What Are The Differences Between A Disciple And An Apostle In The Bible?

What Are The Differences Between A Disciple And An Apostle In The Bible? August 21, 2015

What are the differences between being a disciple and being an apostle?

What is a Disciple?

Jesus told the disciples just before He ascended to heaven to “Go therefore and make disciples of all nations, baptizing them in the name of the Father and of the Son and of the Holy Spirit, teaching them to observe all that I have commanded you. And behold, I am with you always, to the end of the age” (Matt 28:19-20). The Greek word for disciple is “mathēteuō” and it means a “student, learner,” or “pupil.” The word “disciple” is only found one time in the Old Testament in Isaiah 8:6 where it says “Bind up the testimony; seal the teaching among my disciples.” The Hebrew word for disciples is “limmuwd” and means the very same thing as it does in the New Testament. What Jesus was telling His own disciples in Matthew 28 was to go out and make disciples of others and this discipleship should be self-replicating so that the disciples of Christ will spread throughout the world as those who become disciples will make disciples of others. That is exactly what has happened. The word disciple is similar to the word “discipline” because we must discipline ourselves and not satisfy the flesh but follow the commands Christ has given us and part of Jesus’ commands is the Great Commission to make disciples of all nations.

What is an Apostle?

The word apostle is from the Greek word “apostolos” and means “a delegate, messenger,” and “one sent forth with orders” and that is exactly what Jesus commanded the apostles to do in Acts 1:8 which says “But you will receive power when the Holy Spirit has come upon you, and you will be my witnesses in Jerusalem and in all Judea and Samaria, and to the end of the earth.” Not only does Jesus give them the authority to go out in His name, He also says that they will receive the power of the Holy Spirit and they are then to go to the ends of the earth (sent out) to be His witnesses. Believers are also commanded to go out and witness to the ends of the earth but not all of us can go that far but we can go next door at least.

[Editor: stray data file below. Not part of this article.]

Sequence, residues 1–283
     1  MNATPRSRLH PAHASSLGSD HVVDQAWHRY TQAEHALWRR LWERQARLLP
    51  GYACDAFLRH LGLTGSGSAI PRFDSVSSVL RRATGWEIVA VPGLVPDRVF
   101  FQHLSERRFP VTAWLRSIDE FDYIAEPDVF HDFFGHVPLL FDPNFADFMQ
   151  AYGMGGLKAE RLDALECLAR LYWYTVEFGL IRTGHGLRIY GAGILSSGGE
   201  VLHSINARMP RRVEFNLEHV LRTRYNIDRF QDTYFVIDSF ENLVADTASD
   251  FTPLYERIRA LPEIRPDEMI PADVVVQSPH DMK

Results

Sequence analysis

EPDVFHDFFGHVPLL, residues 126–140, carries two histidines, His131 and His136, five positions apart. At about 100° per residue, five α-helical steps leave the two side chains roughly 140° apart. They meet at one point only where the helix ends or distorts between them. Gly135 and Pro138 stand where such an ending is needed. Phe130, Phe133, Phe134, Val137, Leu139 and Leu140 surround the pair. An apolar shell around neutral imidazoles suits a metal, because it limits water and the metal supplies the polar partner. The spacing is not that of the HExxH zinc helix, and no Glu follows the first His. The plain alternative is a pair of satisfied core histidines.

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Who can be a Disciple?

There are a lot of people that claim to be disciples of Christ but what are the qualifications that Jesus gives for being one of His disciples? Jesus said “If anyone would come after me, let him deny himself and take up his cross and follow me” (Matt 16:24). To be a disciple of Jesus is more than just making a decision because Jesus said, “If anyone comes to me and does not hate his own father and mother and wife and children and brothers and sisters, yes, and even his own life, he cannot be my disciple” (Luke 14:26) for “Whoever does not bear his own cross and come after me cannot be my disciple” (Luke 14:27). Jesus must be preeminent in our life as He said that “any one of you who does not renounce all that he has cannot be my disciple” (Luke 14:33). It’s easy to say you’re a disciple of Christ but the test is do we bear our own cross? Do we hate (or love exponentially less) our own family compared to loving Christ? Do we deny ourselves and follow Him? Only these can truly claim to be a disciple of Jesus.

Who can be an Apostle?